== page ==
PITTSBURGH, Sept. 19, 2011 /PRNewswire/ -- A lawsuit filed today alleges University of Pittsburgh officials breached their contract with former football coach Michael Haywood and violated federal law when they terminated him in January, The Buzbee Law Firm announced.
According to the complaint filed in Pittsburgh federal court, Pitt rushed to judgment and fired the coach hours after a disputed domestic incident in South Bend, Ind. The lawsuit asserts that Pitt officials refused Haywood's attempts to explain and refute the allegations.
The lawsuit also accuses Pitt of backing out of an agreement to buy out Haywood's coaching contract with Miami University of Ohio for $300,000.
Haywood was arrested at the home he owns in South Bend on Dec. 31, 2010 after an attempt to visit his 21-month-old son in compliance with a child custody agreement. The lawsuit asserts Haywood was concerned upon arriving at the home by "erratic, irrational behavior and remarks" of the child's mother which he believed were influenced by alcohol. After searching the home, Haywood retrieved his son from a child safety seat in a vehicle he owns, the lawsuit alleges. According to the lawsuit and sworn court documents, Haywood did not assault the child's mother.
Attorneys Tony Buzbee and Christopher K. Johns, of The Buzbee Law Firm in Houston, and Rolf Louis Patberg, of Patberg, Carmody & Ging, P.C. in Pittsburgh, represent Haywood.
Buzbee said, "We allege Pitt officials ignored their contractual obligations and terminated Mr. Haywood in violation of his Constitutional rights before he could refute the abuse allegations. No one in the Pitt administration or athletics department bothered to adequately investigate the situation or speak with Mr. Haywood directly. Had they done so, they would have quickly determined that Mr. Haywood's employment should not have been terminated."
Haywood's five-year contract with Pitt would have paid him up to $7.5 million, plus other incentives. The lawsuit seeks at least $3.75 million in damages related to a contract clause under which Haywood is entitled to $750,000 for each remaining year of the contract if he was fired "without just cause," as well as exemplary damages, attorneys' fees, and court costs.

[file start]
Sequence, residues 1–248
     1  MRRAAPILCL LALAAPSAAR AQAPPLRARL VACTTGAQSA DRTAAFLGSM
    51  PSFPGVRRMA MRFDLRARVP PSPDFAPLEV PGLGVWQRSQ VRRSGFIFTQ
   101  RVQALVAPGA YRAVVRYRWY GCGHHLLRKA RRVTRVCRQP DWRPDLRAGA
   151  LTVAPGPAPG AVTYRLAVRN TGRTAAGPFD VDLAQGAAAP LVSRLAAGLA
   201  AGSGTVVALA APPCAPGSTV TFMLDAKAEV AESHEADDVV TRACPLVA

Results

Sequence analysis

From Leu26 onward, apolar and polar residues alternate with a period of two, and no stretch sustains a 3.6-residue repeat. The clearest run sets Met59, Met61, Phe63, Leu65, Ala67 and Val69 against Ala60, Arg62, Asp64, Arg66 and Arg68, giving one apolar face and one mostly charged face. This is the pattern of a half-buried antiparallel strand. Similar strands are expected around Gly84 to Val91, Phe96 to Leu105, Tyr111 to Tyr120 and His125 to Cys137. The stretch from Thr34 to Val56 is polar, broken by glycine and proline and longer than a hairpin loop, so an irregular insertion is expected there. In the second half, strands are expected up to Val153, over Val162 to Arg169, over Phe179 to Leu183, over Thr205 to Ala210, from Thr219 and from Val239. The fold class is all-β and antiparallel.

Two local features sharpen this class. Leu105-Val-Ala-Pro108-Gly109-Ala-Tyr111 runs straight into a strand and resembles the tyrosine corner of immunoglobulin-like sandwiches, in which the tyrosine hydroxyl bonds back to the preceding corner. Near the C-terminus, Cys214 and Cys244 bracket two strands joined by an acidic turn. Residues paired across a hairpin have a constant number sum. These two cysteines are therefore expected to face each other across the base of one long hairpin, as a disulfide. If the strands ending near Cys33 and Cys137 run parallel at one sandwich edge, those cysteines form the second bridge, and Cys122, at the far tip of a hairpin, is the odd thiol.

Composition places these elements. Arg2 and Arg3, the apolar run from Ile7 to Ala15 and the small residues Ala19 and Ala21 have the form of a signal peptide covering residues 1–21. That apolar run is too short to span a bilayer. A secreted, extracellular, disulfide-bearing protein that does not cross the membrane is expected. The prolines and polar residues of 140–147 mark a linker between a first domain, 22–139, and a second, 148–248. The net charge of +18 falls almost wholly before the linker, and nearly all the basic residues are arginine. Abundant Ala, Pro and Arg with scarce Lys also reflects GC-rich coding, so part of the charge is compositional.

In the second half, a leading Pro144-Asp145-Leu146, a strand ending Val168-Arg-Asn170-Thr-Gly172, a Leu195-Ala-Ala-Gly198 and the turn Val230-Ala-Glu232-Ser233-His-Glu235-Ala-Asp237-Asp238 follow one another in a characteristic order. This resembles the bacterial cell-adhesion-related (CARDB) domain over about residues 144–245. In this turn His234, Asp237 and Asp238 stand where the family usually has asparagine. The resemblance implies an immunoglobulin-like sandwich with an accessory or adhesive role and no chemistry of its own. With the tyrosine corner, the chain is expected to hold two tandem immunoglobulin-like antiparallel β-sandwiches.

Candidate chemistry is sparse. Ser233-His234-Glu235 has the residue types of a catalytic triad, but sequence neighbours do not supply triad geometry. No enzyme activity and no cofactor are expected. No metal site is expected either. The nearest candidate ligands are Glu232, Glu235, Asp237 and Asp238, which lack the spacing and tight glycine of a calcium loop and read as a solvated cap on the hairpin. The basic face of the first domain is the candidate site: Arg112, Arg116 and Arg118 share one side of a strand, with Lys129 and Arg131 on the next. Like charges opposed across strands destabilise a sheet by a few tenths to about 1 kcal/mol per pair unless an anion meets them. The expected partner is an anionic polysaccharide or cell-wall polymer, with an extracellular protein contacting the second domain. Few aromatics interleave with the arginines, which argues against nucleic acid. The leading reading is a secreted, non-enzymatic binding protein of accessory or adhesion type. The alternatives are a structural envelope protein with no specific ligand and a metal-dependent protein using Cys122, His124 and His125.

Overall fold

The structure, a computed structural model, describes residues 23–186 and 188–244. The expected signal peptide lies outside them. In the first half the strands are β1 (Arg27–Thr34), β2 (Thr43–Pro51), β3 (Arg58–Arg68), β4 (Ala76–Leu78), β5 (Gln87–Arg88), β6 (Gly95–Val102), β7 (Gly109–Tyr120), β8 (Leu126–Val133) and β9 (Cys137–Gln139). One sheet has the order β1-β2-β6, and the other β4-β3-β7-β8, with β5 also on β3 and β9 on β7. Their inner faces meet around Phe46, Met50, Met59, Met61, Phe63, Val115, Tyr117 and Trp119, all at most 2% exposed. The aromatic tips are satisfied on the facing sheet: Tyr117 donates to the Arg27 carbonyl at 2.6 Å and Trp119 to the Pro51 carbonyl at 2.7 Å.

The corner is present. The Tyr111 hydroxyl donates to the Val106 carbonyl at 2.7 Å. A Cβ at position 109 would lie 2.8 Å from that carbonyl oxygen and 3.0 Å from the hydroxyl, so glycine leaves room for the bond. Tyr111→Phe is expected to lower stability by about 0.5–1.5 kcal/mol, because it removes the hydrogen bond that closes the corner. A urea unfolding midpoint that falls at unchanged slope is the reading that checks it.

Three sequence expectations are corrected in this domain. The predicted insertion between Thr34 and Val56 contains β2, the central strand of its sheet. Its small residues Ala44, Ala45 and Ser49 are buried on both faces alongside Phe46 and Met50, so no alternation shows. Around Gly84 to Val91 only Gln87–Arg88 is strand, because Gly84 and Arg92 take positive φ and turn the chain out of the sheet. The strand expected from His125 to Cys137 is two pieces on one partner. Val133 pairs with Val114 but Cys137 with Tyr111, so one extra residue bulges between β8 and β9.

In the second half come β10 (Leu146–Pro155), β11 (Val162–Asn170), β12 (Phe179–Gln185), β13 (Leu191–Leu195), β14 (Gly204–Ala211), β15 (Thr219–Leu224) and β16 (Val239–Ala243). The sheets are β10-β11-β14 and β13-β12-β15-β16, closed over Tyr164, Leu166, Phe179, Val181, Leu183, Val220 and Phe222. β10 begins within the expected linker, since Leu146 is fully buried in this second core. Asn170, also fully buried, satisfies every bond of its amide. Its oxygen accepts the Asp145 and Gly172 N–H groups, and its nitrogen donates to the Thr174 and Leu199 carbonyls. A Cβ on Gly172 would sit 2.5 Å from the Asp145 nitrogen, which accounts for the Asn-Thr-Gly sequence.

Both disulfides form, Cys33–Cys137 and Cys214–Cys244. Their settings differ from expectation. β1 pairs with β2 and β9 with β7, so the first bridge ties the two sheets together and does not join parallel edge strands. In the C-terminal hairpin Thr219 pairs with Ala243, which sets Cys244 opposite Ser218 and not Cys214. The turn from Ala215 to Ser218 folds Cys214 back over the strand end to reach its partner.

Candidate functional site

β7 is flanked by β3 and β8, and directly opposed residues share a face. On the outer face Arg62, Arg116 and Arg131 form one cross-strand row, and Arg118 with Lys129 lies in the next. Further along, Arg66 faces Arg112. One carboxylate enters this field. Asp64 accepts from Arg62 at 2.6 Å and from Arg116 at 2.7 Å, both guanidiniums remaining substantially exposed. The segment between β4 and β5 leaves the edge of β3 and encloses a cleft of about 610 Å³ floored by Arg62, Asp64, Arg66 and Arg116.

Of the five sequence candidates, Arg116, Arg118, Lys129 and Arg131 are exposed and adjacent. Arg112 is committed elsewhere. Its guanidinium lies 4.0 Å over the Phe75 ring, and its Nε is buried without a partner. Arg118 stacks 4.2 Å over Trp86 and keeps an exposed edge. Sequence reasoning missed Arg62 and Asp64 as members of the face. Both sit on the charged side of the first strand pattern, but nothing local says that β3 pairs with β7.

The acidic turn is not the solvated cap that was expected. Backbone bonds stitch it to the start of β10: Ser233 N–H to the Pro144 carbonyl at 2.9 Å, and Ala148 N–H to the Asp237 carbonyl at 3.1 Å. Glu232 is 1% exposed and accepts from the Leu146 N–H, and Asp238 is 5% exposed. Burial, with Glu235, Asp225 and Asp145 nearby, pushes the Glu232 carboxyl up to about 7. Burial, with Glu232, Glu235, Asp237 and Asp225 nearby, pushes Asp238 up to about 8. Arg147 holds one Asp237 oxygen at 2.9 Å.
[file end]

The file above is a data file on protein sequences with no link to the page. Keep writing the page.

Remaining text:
Haywood said, "The allegations, as initially reported, were completely false. In the midst of an argument with my son's mother, I acted to defensively protect my son and did nothing violent. This lawsuit is intended to set the record straight and help restore my career and reputation."
Born in Houston, Haywood graduated from St. Thomas High School in Houston. A four-year-letterman at the University of Notre Dame, where he was a wide receiver and defensive back under Gerry Faust and Lou Holtz, Haywood graduated in 1986 (B.A., College of Arts and Letters). He then worked on the staffs of some of college football's most successful coaches – including Mack Brown, Nick Saban, and Charlie Weis. In 2008, Haywood was named head coach of the Miami University RedHawks. After a 1-11 record in his first season, Haywood orchestrated one of the greatest turnarounds in college football history as Miami University won the Mid-American Conference and finished the 2010 season with a 10-4 record. For his work at Miami University, Haywood was named 2010 MAC Coach of the Year.
The case is "Michael A. Haywood v. The University of Pittsburgh," C.A. No. 11-1200 in the U.S. District Court for the Western District of Pennsylvania, Pittsburgh Division.
Media Contact: Erin Powers, Powers MediaWorks LLC, for The Buzbee Law Firm, 281.703.6000, firstname.lastname@example.org.
SOURCE The Buzbee Law Firm